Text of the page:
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I'm thinking about configuring the remind calendar program so that I can use the same .reminders file from my Ubuntu box at home and from my Windows box at work. What I'm going to try to do is to make the directory on my home machine that contains the file externally visible through webdav on Apache. (Security doesn't really concern me, because my home firewall only forwards ssh, to hit port 80 my my home box, you need to use ssh tunneling.)

Now my understanding is that webdav was designed to arbitrate simultaneous access attempts. My question is whether this is compatible with direct file access from the host machine. That is, I understand that if I have two or more remote webdav clients trying to edit the same file, the webdav protocol is supposed to provide locking, so that only one client can have access, and hence the file will not be corrupted.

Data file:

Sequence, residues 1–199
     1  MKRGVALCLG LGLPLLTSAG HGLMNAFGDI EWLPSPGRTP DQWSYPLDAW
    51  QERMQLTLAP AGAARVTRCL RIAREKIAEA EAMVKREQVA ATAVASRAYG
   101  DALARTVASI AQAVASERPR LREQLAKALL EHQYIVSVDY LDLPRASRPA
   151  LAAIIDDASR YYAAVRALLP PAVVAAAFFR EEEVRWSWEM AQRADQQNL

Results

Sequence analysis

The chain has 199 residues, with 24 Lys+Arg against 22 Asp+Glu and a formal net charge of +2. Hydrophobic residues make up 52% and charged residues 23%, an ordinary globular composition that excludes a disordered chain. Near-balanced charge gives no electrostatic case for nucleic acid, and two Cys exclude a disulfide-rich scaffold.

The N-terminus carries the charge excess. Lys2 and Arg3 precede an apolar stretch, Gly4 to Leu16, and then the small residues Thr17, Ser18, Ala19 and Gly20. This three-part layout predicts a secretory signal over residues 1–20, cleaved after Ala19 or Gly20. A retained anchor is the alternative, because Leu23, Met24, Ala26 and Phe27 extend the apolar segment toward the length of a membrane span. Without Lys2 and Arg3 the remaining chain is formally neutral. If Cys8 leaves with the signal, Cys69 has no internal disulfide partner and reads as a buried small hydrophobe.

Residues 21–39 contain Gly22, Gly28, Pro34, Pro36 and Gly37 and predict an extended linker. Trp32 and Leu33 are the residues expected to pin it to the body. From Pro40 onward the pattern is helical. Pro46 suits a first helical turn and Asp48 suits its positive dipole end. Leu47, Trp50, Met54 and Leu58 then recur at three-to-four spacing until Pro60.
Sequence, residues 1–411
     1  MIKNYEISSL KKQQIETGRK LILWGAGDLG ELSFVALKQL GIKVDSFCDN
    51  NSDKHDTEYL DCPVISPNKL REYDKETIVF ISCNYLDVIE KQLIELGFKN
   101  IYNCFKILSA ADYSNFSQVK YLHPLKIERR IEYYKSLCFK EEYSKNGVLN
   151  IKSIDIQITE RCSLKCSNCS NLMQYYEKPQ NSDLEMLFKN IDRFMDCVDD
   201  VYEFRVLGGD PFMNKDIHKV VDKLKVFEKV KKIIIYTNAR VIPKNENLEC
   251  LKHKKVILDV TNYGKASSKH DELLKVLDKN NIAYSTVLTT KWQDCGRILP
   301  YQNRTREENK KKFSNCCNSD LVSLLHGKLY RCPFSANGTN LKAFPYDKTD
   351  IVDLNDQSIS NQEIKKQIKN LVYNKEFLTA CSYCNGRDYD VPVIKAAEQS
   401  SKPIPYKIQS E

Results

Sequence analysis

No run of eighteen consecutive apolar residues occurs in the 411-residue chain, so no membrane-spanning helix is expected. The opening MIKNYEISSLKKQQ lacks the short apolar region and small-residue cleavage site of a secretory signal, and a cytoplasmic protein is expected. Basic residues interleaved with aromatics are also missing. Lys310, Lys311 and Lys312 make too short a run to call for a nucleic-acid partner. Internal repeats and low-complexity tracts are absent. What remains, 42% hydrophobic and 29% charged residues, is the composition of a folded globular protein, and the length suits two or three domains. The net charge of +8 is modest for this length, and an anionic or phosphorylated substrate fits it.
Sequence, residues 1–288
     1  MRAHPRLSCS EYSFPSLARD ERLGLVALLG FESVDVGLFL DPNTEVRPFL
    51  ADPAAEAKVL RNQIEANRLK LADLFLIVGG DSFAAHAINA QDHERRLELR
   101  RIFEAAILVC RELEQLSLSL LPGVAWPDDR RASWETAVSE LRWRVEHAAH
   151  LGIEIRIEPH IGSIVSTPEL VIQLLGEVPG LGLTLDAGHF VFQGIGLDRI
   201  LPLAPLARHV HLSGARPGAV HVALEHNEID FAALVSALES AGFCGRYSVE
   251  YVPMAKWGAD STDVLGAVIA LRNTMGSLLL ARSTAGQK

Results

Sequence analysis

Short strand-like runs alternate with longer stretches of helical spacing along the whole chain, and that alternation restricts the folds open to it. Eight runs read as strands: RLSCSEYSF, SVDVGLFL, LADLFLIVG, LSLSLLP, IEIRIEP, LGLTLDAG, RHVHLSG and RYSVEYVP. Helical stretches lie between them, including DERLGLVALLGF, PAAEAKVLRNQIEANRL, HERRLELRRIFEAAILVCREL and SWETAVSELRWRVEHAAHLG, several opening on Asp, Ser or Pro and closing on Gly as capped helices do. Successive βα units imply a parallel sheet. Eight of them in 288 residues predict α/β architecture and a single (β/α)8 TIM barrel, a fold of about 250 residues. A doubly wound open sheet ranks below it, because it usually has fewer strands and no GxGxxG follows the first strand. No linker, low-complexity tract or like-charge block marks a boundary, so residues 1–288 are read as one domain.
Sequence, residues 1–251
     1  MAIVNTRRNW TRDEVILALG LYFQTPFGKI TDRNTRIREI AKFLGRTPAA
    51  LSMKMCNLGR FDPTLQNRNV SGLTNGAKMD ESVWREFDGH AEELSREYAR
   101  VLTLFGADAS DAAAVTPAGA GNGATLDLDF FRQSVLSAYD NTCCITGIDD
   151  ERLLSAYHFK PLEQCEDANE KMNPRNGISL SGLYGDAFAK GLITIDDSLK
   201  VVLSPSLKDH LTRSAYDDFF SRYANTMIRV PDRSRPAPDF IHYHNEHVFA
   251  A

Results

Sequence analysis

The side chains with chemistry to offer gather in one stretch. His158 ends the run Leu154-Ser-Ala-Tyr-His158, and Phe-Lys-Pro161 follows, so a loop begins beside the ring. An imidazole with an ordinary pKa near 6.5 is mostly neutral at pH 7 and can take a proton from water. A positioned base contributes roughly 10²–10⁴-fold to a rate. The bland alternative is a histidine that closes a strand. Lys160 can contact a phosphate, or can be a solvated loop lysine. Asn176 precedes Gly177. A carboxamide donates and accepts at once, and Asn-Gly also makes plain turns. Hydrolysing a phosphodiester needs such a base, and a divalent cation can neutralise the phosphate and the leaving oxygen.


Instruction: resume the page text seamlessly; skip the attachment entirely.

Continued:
My question is whether these protections will also protect against local edits going through the filesystem, rather than through webdav. Should I mount the webdav directory, on the host machine, and direct all local edits through the webdav mount? Or is this unnecessary?

(In this case, with only me accessing the file, it's exceedingly unlikely that I'd get simultaneous edits, but I like to understand how systems are supposed to work ;)

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up vote 1 down vote accepted

If you're not accessing the files under the WebDAV protocol, you're not honoring locks set via LOCK and UNLOCK methods and therefore will open to potential to overwrite changes made by another client. This situation is described in the WebDAV RFC here:

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